The Heritage at Home website features an extensive list of online resources available from various organizations in Essex County.
This website highlights primary sources featured in the Cape Ann Museum’s 2018 exhibit. Documents from 9 local archives display the area’s wide-ranging history from 17th century Native American life to late 19th century literary culture.
Salem State University’s online collections include historic maps, photographs, and other primary sources from Salem.
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African American History
The educational materials from Hamilton Hall include primary sources lectures about the Remond family. A worksheet and activity about the family’s history are also available.
This online exhibit mentions five people who had been enslaved in Salem at the House of Seven Gables in the 18th century.
Online exhibition from Salem Maritime
Website from the Gloucester Unitarian Universalist Church and the Unitarian Universalist Society of Rockport
The Salem Historical Society compiled this list of online resources related to Salem’s African American History. These include the National Park Service’s online tour History of Slavery at Salem Maritime.
This online exhibit details stories of enslaved black people in Beverly through a series of slides featuring documents from the archives of Historic Beverly.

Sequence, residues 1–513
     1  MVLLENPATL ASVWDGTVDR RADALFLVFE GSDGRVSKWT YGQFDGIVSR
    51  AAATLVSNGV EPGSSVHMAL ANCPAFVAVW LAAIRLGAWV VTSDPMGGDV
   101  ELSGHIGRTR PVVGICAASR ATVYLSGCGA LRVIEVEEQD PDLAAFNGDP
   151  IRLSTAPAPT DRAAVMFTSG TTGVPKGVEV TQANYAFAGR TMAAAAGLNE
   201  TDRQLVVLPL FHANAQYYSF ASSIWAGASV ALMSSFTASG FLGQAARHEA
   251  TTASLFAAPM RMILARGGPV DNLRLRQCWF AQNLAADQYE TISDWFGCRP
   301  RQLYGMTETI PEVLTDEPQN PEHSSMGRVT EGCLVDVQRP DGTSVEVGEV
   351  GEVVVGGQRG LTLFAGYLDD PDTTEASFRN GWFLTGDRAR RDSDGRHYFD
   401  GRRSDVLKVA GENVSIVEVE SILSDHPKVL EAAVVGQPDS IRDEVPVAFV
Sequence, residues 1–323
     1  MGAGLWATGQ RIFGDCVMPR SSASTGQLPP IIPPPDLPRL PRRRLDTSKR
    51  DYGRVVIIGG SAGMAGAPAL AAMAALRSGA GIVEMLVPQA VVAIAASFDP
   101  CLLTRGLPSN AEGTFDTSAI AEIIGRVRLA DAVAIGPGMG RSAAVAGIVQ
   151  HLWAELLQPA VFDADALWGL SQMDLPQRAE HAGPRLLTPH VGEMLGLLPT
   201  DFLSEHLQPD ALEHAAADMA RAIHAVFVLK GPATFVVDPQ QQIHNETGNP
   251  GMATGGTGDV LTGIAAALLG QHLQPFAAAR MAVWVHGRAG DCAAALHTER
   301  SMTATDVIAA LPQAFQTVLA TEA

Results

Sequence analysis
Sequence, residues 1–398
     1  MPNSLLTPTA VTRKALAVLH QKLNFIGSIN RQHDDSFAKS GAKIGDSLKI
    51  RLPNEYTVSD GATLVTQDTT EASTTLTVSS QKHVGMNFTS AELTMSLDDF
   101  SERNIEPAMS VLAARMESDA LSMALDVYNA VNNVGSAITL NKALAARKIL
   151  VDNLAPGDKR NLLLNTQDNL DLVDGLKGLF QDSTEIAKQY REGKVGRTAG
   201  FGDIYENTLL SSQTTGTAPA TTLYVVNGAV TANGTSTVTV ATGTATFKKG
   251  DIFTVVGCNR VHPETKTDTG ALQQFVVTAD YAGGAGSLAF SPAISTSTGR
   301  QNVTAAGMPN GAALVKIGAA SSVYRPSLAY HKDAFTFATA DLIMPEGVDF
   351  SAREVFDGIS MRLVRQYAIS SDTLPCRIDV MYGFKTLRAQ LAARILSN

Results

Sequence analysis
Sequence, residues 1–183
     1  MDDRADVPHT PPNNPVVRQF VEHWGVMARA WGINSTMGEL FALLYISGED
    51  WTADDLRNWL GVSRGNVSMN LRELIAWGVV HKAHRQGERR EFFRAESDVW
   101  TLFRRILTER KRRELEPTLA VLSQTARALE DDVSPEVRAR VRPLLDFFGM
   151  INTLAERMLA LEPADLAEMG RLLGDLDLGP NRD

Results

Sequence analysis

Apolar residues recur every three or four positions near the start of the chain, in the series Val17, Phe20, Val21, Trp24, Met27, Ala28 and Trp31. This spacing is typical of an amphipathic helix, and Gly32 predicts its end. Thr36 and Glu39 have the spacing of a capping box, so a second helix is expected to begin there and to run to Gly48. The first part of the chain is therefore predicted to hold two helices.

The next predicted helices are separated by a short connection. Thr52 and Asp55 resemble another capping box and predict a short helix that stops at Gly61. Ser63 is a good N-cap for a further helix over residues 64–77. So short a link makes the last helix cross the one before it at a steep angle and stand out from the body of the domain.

The Topsfield Historical Society’s website includes a lecture by Jeanne Pickering in 2016 about slavery in colonial Topsfield. It also tells the story of Sara Baro Colcher who lived in in Topsfield after being taken captive from nearby Sierra Leone. A portrait of Sara can also be found in the collections of Historic New England.
Explore African American history in Cape Ann. Primary sources include an account book showing a man purchasing his own freedom and a procurement order for the Continental Army listing a black man from Gloucester who had previously been enslaved.
Additional primary sources can be found under the subject “African American History”.
Native American History
Complied by the Southern Essex District Registry of Deeds, this site offers a variety of primary sources. Most notable of these are the deed records which date back to the early 1600s.
Explore Native American History in Cape Ann. Featured documents include votives from the Early and Middle Woodlands periods and colonial diaries referencing Native populations in Cape Ann.
The Marblehead Museum provides a recording this 2011 lecture by Don Doliber about Native American history in Marblehead.
The Manchester Historical Museum provides a recording of this 2020 lecture by Mary Ellen Lepionka about local Native American history.
This digital exhibit by Nahant Historical Society features an excerpt from Nahant on the Rocks (1991). It tells the story of local efforts for securing suffrage for women in Massachusetts. Although the 1895 and 1915 state referendums failed, the energy shifted to the national level and helped lead to the 19th Amendment in 1920.
This online exhibit by the House of Seven Gables explores the life and influence of the Salem philanthropist.
Explore women’s history in Cape Ann through documents such as an embroidery, an autograph book, and a receipt, all owned or made by women.
This 2020 lecture by Irene Axelrod is made available by The House of Seven Gables, discussing the legacy of Lynn’s inventor.